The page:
Crew Faces Princeton, Rutgers, MIT in Opener

Strong Tiger Eight Threatens To Take Compton Cup; Key Will Broadcast at Finish Line

The Compton Cup, a large, ornate gold object which has rested undisturbed in Newell boathouse since 1937 goes on the block this afternoon at 5:30 p.m., when the varsity crew opens its season against Princeton, M.I.T., and Rutgers.

The one and three-quarters mile grind will be the finale of a six-race regatta which will keep the oily waters of the Charles churned up most of the afternoon

Crew is one of the few sports where previous results can mean something--but in the middle of April this doesn't help much, since only one of the contending boats has raced. Rutgers has already absorbed defeats from Columbia and Penn, the former winning by one length, and the latter by the healthy margin of six lengths. The Scarlet is never highly regarded among Eastern rowing circles, and these defeats have not helped its reputation any.

Tigers, Tech Strong

Unfortunately, Princeton and M.I.T. cannot be dismissed so lightly. Tech has been bolstered by the wholesale appearance of last year's strong freshman crew in the varsity shell, while the Tigers may practically be rated as a southern crew.

This winter, for instance, they have been able to row outdoors the entire season, while it will be remembered that in the 1948 Compton Cup race the Crimson had to break the course record to finish 12 inches ahead of the Orange and Black. (In two meetings later in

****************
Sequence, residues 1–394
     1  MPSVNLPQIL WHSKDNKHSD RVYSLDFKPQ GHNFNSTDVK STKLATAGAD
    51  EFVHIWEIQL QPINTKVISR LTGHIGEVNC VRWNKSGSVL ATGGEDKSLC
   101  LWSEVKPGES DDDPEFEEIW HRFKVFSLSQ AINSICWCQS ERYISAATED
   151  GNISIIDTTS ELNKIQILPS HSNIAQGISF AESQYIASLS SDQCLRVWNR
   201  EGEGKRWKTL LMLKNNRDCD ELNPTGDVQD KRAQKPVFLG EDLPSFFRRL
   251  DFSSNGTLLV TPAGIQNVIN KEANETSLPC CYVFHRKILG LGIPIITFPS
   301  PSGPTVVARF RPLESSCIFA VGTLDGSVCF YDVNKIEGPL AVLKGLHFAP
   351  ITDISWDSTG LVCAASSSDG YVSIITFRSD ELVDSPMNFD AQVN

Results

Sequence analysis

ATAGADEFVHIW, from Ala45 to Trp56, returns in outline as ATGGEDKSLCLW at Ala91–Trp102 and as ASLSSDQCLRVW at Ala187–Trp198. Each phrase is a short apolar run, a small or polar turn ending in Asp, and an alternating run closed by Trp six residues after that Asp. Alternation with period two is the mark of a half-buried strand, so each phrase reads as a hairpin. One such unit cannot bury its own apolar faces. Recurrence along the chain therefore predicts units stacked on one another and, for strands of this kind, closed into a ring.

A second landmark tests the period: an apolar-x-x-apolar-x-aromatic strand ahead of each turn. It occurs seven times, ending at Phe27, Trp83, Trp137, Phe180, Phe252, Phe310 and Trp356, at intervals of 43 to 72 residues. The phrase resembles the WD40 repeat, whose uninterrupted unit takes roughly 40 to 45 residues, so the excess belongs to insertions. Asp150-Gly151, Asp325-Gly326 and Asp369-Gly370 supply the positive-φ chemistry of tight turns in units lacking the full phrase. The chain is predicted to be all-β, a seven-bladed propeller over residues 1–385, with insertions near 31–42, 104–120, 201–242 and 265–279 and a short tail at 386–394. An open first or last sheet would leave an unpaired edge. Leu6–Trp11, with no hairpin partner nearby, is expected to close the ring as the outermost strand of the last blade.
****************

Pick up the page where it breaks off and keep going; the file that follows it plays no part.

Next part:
Boatings and lanes for today's races appear on page eight. the season, Harvard defeated Princeton handily).

This jump in training gives the Tigers the edge in all of today's encounters, but Bolles-coached crews can never be called the underdog. The Crimson was on the river earlier this season than at any time in the last decade, which is no handicap at this stage of the season.

Veterans Bolster Boat

Five veterans of the great 1948 boat are back at their ears, which also goes down on the plus column of the ledger. And rowing in home waters is also a help, especially when the weather bureau predicts stiff winds, which are wont to rough up the water in a way calculated to bother the lake-dwelling Princetons.

Three men will be rowing their first varsity race, however. Ollie Iselin has a year's experience in last year's freshman boat behind him. Ted Anderson, at five, also rowed in the '51 shell, but this will be the second race of any kind for sophomore Clancy Asp, who only broke into the freshman lineup in time for one race last year.

But no one can predict the outcome of this one. Coach Bolles, the man who knows most about the situation, will only say "Why should I predict the outcome? --that's the reason we have the race."